Clay-court tennis is back—is Djokovic? On his comeback win over Simon

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Simon is now 1-11 against Djokovic, but this was their second straight lengthy battle. (AP)

Gilles Simon ranged to his left and slid into his backhand. He was stretching to retrieve a Novak Djokovic ground stroke from behind the baseline, but it was a shot that the Frenchman had been making all afternoon in Monte Carlo. More than that, Simon had been using that shot to do what Djokovic so often does with his own sliding defensive backhand: Turn the tables and take the offensive in rallies.

For more than two hours, those rallies had been some of the most entertaining we’d seen all season. With their sharp-angled forehands, counter-punching backhands, change-of-pace touch shots and delicately measured lobs, Djokovic and Simon had pulled each other side to side and up and back. And when that wasn’t enough for one point, they’d do it again. More than once, Djokovic took a moment to join in the applause for a piece of Simon brilliance.

Now it was time for Simon to make that brilliance mean something, to convert all of those point-winning shots into a match-winning performance. A few minutes earlier, he had broken Djokovic at 4-4 with a bullet down-the-line forehand. And a few seconds earlier, Simon had watched a routine Djokovic forehand fly over the baseline to make the score 15-15. Clearly, this match was his for the taking.

But Simon couldn’t take it. At 15-15, he ranged to his left and slid into his backhand, but instead of turning the rally in his favor, he pulled up on it and hit it in the net. On the next point, Simon lifted up on his backhand and sent it long. Finally, at 30-40, after a long rally, he missed a third backhand into the net.

You can guess the rest: While the Frenchman served for the match, 10 minutes later it was the Serb who won it, 6-3, 3-6, 7-5.

Simon is now 1-11 against Djokovic, but this was their second straight lengthy battle; their fourth-round match at the Australian Open last year went five sets. Monte Carlo was a much better, and different, affair. In Melbourne, Simon gave Djokovic nothing to work with and maneuvered him into 100 unforced errors. In Monte Carlo, a more creative Simon matched Djokovic shot for shot and get for get.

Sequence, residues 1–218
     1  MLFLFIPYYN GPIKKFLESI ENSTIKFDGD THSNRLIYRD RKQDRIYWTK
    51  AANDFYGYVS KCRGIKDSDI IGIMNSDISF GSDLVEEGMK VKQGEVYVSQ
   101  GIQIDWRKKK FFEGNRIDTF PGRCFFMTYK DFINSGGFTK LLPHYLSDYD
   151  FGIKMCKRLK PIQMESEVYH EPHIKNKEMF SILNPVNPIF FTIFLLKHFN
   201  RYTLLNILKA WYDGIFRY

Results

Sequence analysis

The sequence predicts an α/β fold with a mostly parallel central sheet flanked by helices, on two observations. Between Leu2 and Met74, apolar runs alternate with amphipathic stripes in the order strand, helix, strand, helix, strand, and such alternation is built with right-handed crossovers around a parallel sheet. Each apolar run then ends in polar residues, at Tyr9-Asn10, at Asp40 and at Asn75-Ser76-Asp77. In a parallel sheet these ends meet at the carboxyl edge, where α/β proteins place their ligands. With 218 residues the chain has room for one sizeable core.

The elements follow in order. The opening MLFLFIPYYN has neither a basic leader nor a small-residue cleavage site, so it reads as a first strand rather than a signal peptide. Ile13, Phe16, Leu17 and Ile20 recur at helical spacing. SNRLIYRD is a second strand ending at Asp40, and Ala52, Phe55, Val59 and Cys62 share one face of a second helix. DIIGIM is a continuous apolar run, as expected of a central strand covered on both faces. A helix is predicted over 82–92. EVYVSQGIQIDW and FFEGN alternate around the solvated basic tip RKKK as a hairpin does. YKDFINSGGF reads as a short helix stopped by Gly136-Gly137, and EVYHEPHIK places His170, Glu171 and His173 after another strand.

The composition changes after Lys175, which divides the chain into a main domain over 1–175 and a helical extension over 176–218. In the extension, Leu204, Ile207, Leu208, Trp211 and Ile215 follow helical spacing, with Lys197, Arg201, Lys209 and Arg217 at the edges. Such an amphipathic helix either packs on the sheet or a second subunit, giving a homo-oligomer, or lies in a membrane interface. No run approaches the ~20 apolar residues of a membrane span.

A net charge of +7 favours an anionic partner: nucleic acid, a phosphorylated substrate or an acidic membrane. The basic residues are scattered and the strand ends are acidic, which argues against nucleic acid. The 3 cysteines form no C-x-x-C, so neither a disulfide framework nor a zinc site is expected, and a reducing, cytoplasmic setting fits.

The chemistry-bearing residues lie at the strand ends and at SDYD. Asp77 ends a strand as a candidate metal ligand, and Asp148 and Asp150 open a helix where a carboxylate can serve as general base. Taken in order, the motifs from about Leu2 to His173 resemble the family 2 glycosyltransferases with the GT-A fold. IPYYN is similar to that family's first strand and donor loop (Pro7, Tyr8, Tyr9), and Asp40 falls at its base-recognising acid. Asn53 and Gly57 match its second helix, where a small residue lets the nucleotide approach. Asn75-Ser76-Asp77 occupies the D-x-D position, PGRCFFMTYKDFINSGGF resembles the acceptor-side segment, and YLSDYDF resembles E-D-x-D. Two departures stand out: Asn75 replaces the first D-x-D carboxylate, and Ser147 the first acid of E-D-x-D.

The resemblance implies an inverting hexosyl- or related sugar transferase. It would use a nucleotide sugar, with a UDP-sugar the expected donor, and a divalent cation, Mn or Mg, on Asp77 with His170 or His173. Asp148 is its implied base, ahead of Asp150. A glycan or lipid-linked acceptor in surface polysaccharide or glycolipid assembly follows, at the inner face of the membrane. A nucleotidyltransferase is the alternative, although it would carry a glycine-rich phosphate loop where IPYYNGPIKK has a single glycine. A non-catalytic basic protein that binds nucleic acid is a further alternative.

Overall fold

Why has Simon turned into a tough and tricky opponent for Djokovic? Mainly because he’s a tough and tricky opponent in general. After losing the first set, Simon began his comeback by digging himself out of two 0-40 holes on his serve in the second set. But while he played well from behind, he slipped as soon as he had the lead. After breaking at 2-2 and 4-4 in the third set, Simon immediately gave his serve back. The Frenchman has been ranked as high as No. 6 (in 2009), but he hasn’t had a lot of top-level wins in recent years, and the lack of belief showed in the end.

Djokovic, who flexed his recently injured elbow a couple of times, will be happy to survive. It was his first match on clay in 2017, and the Monte Carlo resident lost his opener on this court last year. His opponents might not get any easier in the next couple of rounds—he plays either Pablo Carreño Busta or Karen Khachanov next—but they probably won’t be much tougher than Simon.

We’ll see if this signals better things for Djokovic. This win wasn’t exactly essential—he lost early in Monte Carlo in 2016 and still won the French Open—but he can’t wait until too close to Paris to get his 2017 season on track.

What this match definitely does signal is that dirtball is officially here again, in all of its elaborate glory. After watching Djokovic and Simon on Tuesday, I’m happy to welcome it back.

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